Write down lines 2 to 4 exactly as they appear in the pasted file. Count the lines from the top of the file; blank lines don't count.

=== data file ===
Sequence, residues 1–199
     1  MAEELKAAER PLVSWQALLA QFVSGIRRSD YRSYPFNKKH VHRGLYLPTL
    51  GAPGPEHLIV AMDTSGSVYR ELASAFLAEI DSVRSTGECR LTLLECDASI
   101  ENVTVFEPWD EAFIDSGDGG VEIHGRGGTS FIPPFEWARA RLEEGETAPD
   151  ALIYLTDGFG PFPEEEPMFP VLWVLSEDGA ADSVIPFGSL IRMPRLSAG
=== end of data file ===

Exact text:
     1  MAEELKAAER PLVSWQALLA QFVSGIRRSD YRSYPFNKKH VHRGLYLPTL
    51  GAPGPEHLIV AMDTSGSVYR ELASAFLAEI DSVRSTGECR LTLLECDASI
   101  ENVTVFEPWD EAFIDSGDGG VEIHGRGGTS FIPPFEWARA RLEEGETAPD